Rethinking the Constitutionality of Indonesia’s Flawed Anti-Blasphemy Law

Cekli Setya Pratiwi


This study examines the constitutionality of Indonesia’s Anti-Blasphemy Law, which has been challenged unsuccessfully at the Constitutional Court on three occasions, in 2009, 2012, and 2018. While the Court has acknowledged the law’s provisions are open to multiple interpretations, it insists on maintaining the law as it is, on the grounds that the right to religious expression is not absolute, as freedom and rights are restricted under Article 28J of the 1945 Constitution. The Court believes that canceling the law would create a dangerous legal vacuum. The ambiguity of the Court’s decisions on the constitutionality of the Anti-Blasphemy Law is illustrated in recent blasphemy cases that have not been explored in previous studies. This study uses a doctrinal legal approach to examine why the Anti-Blasphemy Law is flawed and to analyze to what extent the ‘particular constitutionalism’ approach influenced the Court’s decisions when declaring the constitutionality of the law. As such, the Court’s misinterpretation of the core principles of the competing rights – the right to religious freedom and the right to freedom of expression – and its standard limitation, have been ignored. The findings of this study show that in dealing with the Anti-Blasphemy Law, the Court has a narrow and limited recognition of human rights law. The Court’s fear of revoking the Anti-Blasphemy Law is based only on assumptions and is less supported by facts. The Court has failed to realize that the implementation of the flawed Anti-Blasphemy Law in various cases has triggered public disorder, with people taking justice into their own hands.


Constitutional Court; Constitutionality of Law; Indonesian Anti- Blasphemy Law; Religious Expression; Standard Limitation of Human Rights

Full Text:



Constitution of the Republic of Indonesia.

Arato, Julian. “Constitutionality and Constitutionalism beyond the State: Two Perspectives on the Material Constitution of the United Nations.” International Journal of Constitutional Law 10, no. 3 (July 1, 2012). icon/mor079.

ASEAN Human Rights Declaration, 18 November 2012. human-rights-declaration.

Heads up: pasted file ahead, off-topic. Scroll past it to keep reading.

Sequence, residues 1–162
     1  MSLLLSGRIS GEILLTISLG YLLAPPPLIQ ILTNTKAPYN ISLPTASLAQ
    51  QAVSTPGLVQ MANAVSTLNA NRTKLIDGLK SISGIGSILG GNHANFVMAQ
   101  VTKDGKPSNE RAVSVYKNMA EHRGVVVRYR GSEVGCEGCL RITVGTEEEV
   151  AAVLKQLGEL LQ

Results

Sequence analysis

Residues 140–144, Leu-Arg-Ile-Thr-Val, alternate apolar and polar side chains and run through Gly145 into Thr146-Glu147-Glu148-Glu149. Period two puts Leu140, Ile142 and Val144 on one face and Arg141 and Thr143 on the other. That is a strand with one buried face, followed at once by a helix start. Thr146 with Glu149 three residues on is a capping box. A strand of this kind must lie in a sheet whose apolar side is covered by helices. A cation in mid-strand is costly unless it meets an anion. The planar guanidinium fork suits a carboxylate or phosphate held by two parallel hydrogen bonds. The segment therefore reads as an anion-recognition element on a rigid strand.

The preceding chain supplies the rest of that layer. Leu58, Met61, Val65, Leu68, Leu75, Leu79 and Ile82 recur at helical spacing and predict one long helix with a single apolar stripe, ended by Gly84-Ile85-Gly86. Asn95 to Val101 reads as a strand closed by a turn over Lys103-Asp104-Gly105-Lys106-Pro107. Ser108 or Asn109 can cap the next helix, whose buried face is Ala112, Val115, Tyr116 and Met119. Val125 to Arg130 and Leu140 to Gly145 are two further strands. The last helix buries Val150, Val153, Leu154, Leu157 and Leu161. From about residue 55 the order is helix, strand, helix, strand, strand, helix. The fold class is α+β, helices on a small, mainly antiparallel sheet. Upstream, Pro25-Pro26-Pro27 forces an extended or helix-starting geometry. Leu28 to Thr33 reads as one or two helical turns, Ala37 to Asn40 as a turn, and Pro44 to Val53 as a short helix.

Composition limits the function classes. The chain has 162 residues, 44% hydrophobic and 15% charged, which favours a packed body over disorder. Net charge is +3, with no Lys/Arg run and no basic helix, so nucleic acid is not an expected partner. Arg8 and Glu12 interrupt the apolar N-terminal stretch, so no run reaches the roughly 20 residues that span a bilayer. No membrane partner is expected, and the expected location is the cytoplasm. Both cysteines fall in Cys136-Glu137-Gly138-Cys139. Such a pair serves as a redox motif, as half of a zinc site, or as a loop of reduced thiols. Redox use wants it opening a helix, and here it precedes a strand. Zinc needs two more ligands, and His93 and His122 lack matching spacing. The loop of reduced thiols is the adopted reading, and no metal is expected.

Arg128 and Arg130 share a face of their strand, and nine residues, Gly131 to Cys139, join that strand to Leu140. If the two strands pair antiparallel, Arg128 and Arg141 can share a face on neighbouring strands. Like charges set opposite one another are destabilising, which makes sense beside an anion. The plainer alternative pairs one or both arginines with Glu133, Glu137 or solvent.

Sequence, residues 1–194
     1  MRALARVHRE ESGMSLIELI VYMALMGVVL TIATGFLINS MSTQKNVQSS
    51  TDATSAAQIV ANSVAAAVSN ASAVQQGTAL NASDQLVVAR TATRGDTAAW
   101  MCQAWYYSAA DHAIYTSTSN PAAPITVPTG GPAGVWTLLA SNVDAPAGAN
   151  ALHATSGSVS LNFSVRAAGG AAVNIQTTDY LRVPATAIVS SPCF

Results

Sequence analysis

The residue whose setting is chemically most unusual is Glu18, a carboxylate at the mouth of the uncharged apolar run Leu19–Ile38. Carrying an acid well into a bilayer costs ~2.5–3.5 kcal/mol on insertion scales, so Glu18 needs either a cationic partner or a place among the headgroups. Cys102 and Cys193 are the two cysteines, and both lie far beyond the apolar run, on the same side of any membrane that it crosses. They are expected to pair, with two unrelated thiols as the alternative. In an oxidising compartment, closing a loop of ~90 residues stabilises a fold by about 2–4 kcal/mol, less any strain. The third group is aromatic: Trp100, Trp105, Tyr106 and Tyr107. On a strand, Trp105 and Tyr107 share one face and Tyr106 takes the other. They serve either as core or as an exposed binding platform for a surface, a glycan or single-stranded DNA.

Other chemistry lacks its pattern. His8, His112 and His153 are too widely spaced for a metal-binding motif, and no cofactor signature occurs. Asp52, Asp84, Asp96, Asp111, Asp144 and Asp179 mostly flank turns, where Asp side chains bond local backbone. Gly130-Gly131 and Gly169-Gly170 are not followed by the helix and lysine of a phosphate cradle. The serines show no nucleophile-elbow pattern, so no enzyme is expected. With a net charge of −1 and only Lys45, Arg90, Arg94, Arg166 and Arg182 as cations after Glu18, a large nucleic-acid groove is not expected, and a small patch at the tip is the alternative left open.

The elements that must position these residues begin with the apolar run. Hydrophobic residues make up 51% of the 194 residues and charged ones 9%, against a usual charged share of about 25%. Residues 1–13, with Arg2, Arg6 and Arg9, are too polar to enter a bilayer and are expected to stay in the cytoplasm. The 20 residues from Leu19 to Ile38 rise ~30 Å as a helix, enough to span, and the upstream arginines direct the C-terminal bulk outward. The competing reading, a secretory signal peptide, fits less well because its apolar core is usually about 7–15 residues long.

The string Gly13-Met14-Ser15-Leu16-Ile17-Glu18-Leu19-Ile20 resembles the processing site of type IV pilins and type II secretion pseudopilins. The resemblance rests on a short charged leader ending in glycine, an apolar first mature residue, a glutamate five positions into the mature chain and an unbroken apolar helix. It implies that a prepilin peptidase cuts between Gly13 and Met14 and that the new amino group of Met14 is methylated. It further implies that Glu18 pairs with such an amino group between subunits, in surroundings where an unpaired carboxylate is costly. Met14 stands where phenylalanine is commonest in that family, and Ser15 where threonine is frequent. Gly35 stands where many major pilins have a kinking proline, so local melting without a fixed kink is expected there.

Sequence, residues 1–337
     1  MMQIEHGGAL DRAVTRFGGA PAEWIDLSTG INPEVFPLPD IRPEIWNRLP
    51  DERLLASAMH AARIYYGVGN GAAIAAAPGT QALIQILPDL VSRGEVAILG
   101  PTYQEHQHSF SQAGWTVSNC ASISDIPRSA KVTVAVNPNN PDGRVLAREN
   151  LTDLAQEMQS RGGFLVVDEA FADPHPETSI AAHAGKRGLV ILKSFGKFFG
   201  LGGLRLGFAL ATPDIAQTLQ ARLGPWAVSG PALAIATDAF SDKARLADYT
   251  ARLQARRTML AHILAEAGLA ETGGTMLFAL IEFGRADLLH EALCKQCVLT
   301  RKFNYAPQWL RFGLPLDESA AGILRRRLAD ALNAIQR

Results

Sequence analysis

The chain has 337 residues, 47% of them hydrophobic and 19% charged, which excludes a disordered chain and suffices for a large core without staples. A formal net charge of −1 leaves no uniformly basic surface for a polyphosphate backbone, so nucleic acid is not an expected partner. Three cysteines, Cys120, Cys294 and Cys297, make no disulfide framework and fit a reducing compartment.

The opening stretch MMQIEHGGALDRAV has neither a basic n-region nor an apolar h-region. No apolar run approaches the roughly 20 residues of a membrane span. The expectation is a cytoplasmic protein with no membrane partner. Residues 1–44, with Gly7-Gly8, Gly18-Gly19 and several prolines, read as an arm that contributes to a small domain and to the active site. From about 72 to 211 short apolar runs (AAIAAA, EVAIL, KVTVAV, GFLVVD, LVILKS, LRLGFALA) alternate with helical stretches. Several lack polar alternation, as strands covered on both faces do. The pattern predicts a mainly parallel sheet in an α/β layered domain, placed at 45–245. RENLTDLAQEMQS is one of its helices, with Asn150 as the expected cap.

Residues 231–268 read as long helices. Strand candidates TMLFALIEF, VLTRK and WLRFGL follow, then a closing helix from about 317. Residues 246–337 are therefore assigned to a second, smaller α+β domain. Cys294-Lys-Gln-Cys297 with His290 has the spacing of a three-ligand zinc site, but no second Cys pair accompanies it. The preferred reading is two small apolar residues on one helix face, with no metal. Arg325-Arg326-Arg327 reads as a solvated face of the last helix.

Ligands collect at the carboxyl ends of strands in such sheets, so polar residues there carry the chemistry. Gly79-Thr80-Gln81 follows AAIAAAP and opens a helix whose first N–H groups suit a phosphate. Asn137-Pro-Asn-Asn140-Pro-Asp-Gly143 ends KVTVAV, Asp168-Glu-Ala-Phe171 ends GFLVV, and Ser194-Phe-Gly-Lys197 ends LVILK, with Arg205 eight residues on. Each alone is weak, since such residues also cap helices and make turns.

Asshiddiqie, Jimly. “Universalization of Democratic Constitutionalism and The Work of Constitutional Courts Today.” Constitutional Review 1, no. 2 (March 28, 2016).

Bielefeldt, Heiner. “Freedom of Religion or Belief--A Human Right under Pressure.” Oxford Journal of Law and Religion 1, no. 1 (April 1, 2012). https://

Constitutional Court of the Republic of Indonesia, Decision No. 140/PUU- VII/2009.

Constitutional Court of the Republic of Indonesia, Decision No. 84/PUU-IX/2012.

Constitutional Court of the Republic of Indonesia, Decision No. 76/PUU-XVI/2018.

Crouch, Melissa A. “Law and Religion in Indonesia: The Constitutional Court and the Blasphemy Law.” Asian Journal of Comparative Law 7, no. 1 (January 29, 2012).

Debeljak, Julie Frances. “Balancing Rights in a Democracy: The Problems with Limitations and Overrides of Rights under the Victorian Charter of Human Rights and Responsibilities Act 2006.” Melbourne University Law Review 32, no. 2 (2008).

Donald, Alice, and Erica Howard. “The Right to Freedom of Religion or Belief and Its Intersection with Other Rights.” ILGA-Europe, January 2015. http:// religion_or_belief_and_its_intersection_with_other_rights__0.pdf.

Durham, W. Cole. “Religious Freedom in a Worldwide Setting: Comparative Reflections.” In The Proceedings of the 17th Plenary Session on Universal Rights in a World of Diversity: The Case of Religious Freedom 29 April-3 May 2011. Vatican City: Pontificia Academia Scentiarum, 2012.

Durham, W. Cole, and Brett G. Scharffs. Law and Religion: National, International, and Comparative Perspectives. Second edition. Aspen Select Series. New York: Wolters Kluwer, 2019.

Eddyono, Luthfi Widagdo. “The First Ten Years Of The Constitutional Court Of Indonesia: The Establishment Of The Principle Of Equality And The Prohibition Of Discrimination.” Constitutional Review 1, no. 2 (2016).